Landuse—The great majority of land is used for pastoral production, especially the grazing of cattle (Bos taurus and Bos indicus), and also sheep in parts of western QLD. Most of this land is leasehold (ie., leased from respective State and Territory governments). Lands allocated to freehold Aboriginal tenure in recognition of traditional cultural usages constitute the next most common landuse type, especially in the NT, followed by unallocated government lands, especially in WA. Also, in the NT, lands set aside for conservation purposes include significant areas under Aboriginal freehold tenure (eg., Kakadu and Nitmiluk National Parks). Despite the small area used for mining purposes, such landuse constitutes by far the greatest economic return to the regional economy (Gray 1996).
Landscape-Scale Contemporary Fire Patterns
At the Australia-wide scale, an annual average of 497,240 km2 was recorded as being fire affected over the 9-year period 1997–2005, based on semi-automated mapping of large fires (∼>4 km2: Craig et al. 2002) from AVHRR imagery. Of this, an annual average of 336,980 km2 (67.8%) occurred in the tropical savannas region, with the great majority of the remainder occurring in semi-arid central Australia (Figure 1). Significantly, most (76%) of the annual fire extent in the tropical savannas (as well as in central and southern Australia—79%) occurred in the latter part of the dry season, under increasingly severe fire-weather conditions (Figure 2).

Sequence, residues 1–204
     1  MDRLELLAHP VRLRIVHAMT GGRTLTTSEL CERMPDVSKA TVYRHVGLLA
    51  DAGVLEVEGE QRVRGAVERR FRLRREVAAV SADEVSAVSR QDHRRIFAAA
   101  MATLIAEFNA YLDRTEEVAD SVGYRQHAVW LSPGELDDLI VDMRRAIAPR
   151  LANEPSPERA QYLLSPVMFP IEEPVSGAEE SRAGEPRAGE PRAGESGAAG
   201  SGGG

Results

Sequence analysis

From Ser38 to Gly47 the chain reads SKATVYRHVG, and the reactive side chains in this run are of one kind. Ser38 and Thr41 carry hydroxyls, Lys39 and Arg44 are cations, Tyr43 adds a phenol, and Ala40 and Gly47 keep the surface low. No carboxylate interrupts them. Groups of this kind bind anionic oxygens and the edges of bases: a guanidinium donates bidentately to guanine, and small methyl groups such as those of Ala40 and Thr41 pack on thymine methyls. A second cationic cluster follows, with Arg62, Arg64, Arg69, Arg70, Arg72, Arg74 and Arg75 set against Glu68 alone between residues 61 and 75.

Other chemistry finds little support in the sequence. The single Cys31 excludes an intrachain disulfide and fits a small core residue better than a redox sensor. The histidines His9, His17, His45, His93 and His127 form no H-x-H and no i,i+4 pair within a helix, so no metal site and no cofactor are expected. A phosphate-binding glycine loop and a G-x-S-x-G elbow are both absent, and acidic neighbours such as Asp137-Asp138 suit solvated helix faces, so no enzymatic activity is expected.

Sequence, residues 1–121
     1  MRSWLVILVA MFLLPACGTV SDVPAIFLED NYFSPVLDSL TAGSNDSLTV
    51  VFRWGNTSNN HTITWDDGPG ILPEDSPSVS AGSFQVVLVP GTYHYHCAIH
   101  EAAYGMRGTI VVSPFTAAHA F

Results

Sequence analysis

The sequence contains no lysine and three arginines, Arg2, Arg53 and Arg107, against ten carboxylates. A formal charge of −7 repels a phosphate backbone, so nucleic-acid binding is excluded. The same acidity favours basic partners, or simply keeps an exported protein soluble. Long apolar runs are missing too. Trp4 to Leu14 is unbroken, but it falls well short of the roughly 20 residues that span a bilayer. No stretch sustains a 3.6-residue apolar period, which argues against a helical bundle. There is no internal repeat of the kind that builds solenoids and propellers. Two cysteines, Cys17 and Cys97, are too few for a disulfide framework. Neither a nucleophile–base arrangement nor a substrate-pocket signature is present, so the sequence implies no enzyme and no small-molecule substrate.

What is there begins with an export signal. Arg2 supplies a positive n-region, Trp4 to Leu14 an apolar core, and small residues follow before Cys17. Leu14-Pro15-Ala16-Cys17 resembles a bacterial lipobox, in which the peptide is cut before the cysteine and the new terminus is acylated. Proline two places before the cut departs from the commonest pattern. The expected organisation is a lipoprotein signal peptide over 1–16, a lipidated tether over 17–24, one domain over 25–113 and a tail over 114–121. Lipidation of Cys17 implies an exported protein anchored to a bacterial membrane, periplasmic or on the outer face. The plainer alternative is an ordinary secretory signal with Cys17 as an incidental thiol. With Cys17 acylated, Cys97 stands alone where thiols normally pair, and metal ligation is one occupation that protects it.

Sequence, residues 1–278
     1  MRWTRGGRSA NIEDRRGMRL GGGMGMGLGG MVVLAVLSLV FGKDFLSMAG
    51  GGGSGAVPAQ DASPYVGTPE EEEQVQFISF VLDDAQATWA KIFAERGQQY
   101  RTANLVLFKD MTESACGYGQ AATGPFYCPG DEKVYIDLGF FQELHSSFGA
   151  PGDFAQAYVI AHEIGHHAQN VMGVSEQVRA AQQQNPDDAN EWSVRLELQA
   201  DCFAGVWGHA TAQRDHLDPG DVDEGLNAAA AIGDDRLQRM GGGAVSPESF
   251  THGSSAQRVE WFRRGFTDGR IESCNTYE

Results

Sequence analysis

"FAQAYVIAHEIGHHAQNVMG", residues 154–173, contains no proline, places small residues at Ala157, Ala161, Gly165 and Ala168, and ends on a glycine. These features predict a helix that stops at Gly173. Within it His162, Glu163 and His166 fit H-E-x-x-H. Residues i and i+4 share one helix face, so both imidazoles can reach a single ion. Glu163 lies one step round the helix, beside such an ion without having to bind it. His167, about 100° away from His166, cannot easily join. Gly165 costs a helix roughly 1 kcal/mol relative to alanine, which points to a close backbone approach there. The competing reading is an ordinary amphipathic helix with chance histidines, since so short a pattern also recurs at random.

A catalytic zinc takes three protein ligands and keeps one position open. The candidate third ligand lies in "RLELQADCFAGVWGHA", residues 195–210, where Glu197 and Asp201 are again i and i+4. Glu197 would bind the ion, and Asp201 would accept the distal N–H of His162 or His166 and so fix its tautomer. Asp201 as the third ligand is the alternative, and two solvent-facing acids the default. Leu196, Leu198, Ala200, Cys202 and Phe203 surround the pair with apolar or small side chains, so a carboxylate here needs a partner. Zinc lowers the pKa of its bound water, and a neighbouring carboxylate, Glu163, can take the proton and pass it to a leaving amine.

Patterning of fire extent in the tropical savannas region is associated broadly with two landscape-scale features: 1) rainfall quantity and seasonality, and 2) landuse intensity. For example, using rainfall distribution data for the NT savannas region (Figure 3), the mean proportion of respective rainfall isohyet classes that was fire affected over the period 1997–2005 increases generally with increasing mean annual rainfall (Figure 4), reflecting the influence of rainfall-driven ground cover fuel availability as previously discussed.
Landuse intensity is imprinted also on this general climate-fire gradient; however, it should be noted that key pastorally productive rangeland areas are associated more with fertile heavy textured soils derived from basalts, limestone, and alluvia, as opposed to any specific rainfall regime. Using detailed property fenceline mapping data (as an expression of landuse intensity) available for sparsely settled areas of the NT (Figure 5), for some local regions at least we can discern clear relationships between extent of burning and fenceline density (e.g., Victoria River District and Gulf in Figure 6). On average, 44.4% of the fenceless Aboriginal-owned Arnhemland, which comprises 32,000 km2, has burnt annually over the 1997–2000 period.